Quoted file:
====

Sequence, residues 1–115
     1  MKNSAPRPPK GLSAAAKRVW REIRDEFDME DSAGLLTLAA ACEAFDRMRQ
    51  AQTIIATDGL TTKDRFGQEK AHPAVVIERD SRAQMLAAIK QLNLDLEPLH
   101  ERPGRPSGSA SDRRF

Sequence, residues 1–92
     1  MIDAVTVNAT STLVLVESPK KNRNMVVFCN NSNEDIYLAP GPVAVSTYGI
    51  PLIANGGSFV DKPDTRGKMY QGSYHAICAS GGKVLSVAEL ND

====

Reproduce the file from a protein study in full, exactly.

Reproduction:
Sequence, residues 1–115
     1  MKNSAPRPPK GLSAAAKRVW REIRDEFDME DSAGLLTLAA ACEAFDRMRQ
    51  AQTIIATDGL TTKDRFGQEK AHPAVVIERD SRAQMLAAIK QLNLDLEPLH
   101  ERPGRPSGSA SDRRF

Sequence, residues 1–92
     1  MIDAVTVNAT STLVLVESPK KNRNMVVFCN NSNEDIYLAP GPVAVSTYGI
    51  PLIANGGSFV DKPDTRGKMY QGSYHAICAS GGKVLSVAEL ND